by Anonymous Coward on Wednesday July 12, @03:22AM (#537936)

      Nice rig.

      My first home computer Z-80A 4MHz w/ 4k of RAM, with dip switches to enter a program. Built the motherboard with sockets and wirewrap. Now that was learning to program.

      My current oldest is 486sx25 with 12MB RAM and 213MB disk.

  • (Score: 0) by Anonymous Coward on Saturday July 08, @06:10PM (2 children)

    by Anonymous Coward on Saturday July 08, @06:10PM (#536592)

    The workd wide web was only invented in the early 90's.

    Before that I used terminal emulation software to dial into the library that had lynx for accessing gopher holes. They also had their search catalog, as well as magazine seraches; with full-text available.

    Before that there was BBSs, but I was never too interested in that. My dad kept in touch with people around the world with some kind of batch mail or news service (may have been usenet).

    • (Score: 2) by hemocyanin on Monday July 10, @04:29AM (1 child)

      by hemocyanin (186) on Monday July 10, @04:29AM (#537028)

      There is -- or was -- more to the internet than the WWW. I have vague memories of gopher and archie. Less vague memories of usenet. At least usenet is still around.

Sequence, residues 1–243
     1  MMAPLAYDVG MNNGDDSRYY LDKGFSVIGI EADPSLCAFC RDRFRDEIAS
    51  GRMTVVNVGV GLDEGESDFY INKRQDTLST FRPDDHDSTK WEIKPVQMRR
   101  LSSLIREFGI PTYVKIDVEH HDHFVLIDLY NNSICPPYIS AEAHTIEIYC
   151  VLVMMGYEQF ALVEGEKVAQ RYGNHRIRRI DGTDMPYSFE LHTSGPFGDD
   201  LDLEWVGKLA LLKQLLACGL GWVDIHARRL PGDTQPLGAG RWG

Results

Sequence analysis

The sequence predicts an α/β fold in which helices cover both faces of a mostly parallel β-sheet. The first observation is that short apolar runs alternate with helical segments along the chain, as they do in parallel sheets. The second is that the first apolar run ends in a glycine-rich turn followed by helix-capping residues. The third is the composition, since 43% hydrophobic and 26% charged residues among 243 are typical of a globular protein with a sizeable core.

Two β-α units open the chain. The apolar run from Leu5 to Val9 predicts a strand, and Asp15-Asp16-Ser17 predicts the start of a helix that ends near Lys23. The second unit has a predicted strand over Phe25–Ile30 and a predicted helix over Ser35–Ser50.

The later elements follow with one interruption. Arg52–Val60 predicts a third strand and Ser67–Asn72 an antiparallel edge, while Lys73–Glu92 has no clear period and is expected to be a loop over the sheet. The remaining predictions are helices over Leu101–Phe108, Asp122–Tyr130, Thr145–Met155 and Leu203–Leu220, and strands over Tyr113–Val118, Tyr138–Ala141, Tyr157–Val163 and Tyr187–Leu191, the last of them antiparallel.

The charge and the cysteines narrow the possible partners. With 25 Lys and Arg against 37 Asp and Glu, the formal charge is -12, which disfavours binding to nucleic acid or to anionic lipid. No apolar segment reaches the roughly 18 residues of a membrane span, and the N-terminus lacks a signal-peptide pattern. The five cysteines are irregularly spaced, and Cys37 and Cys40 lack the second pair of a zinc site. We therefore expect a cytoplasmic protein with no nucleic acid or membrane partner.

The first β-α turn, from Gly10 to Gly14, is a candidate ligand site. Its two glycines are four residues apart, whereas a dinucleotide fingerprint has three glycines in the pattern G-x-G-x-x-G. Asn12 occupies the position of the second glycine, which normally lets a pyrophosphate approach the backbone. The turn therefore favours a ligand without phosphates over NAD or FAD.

• (Score: 2) by hemocyanin on Monday July 10, @04:30AM

        by hemocyanin (186) on Monday July 10, @04:30AM (#537029)

        oops -- I only read paragraph 1 before firing off some light snark. Sorry about that, my bad.

  • (Score: 0) by Anonymous Coward on Tuesday July 11, @04:20PM

    by Anonymous Coward on Tuesday July 11, @04:20PM (#537644)

    I'll have to ask my parents. I remember playing some educational type games on DOS when I was very young (can't recall whether I could read or not at that point), but I don't think we got internet until later, around 19-20 years ago.

  • (Score: 2) by Osamabobama on Friday July 14, @06:42PM

    by Osamabobama (5842) on Friday July 14, @06:42PM (#539266)

    How long has this esteemed site been online? I would estimate 2-5 years, but I didn't mark my calendar, and time has a way of slipping, slipping, slipping, into the future, so it could be longer.

    --
    Appended to the end of comments you post. Max: 120 chars.
  • (Score: 2) by NotSanguine on Monday July 17, @11:30PM

    by NotSanguine (285) Subscriber Badge on Monday July 17, @11:30PM (#540632) Homepage Journal

    When dinosaurs ruled the Earth!

    That would be 1978 with a TRS-80 Model 1, first with a cassette drive, then a single-sided double-density(!) 5.25" floppy drive (360KB! Woo-hoo!)

    First on the Internet in 1990 via multi-mode fiber to my dorm room on a PC/XT running KA9Q [wikipedia.org] from my dorm room and on various devices in the computer labs.

    I was really excited when I could stop using anonymous FTP lists and could use Archie [wikipedia.org] instead.

    --
    No, no, you're not thinking; you're just being logical. --Niels Bohr